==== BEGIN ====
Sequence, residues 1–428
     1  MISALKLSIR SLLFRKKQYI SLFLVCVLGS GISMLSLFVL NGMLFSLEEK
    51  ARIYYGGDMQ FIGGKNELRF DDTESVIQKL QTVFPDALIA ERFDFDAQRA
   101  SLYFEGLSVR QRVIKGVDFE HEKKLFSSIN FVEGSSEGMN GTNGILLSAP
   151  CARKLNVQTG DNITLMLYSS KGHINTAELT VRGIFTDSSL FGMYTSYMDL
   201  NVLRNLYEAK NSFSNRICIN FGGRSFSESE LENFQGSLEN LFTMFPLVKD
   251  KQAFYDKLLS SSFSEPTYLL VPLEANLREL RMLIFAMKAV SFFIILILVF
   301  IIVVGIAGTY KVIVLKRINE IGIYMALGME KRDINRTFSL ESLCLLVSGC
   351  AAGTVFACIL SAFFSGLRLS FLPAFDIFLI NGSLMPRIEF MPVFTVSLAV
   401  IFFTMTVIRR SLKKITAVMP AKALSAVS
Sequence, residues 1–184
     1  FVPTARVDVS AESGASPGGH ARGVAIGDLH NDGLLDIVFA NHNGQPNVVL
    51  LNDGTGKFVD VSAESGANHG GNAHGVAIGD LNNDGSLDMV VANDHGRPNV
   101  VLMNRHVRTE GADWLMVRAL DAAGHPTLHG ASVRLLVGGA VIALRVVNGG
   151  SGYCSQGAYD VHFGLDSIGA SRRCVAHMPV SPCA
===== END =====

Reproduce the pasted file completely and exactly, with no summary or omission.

Sequence, residues 1–428
     1  MISALKLSIR SLLFRKKQYI SLFLVCVLGS GISMLSLFVL NGMLFSLEEK
    51  ARIYYGGDMQ FIGGKNELRF DDTESVIQKL QTVFPDALIA ERFDFDAQRA
   101  SLYFEGLSVR QRVIKGVDFE HEKKLFSSIN FVEGSSEGMN GTNGILLSAP
   151  CARKLNVQTG DNITLMLYSS KGHINTAELT VRGIFTDSSL FGMYTSYMDL
   201  NVLRNLYEAK NSFSNRICIN FGGRSFSESE LENFQGSLEN LFTMFPLVKD
   251  KQAFYDKLLS SSFSEPTYLL VPLEANLREL RMLIFAMKAV SFFIILILVF
   301  IIVVGIAGTY KVIVLKRINE IGIYMALGME KRDINRTFSL ESLCLLVSGC
   351  AAGTVFACIL SAFFSGLRLS FLPAFDIFLI NGSLMPRIEF MPVFTVSLAV
   401  IFFTMTVIRR SLKKITAVMP AKALSAVS
Sequence, residues 1–184
     1  FVPTARVDVS AESGASPGGH ARGVAIGDLH NDGLLDIVFA NHNGQPNVVL
    51  LNDGTGKFVD VSAESGANHG GNAHGVAIGD LNNDGSLDMV VANDHGRPNV
   101  VLMNRHVRTE GADWLMVRAL DAAGHPTLHG ASVRLLVGGA VIALRVVNGG
   151  SGYCSQGAYD VHFGLDSIGA SRRCVAHMPV SPCA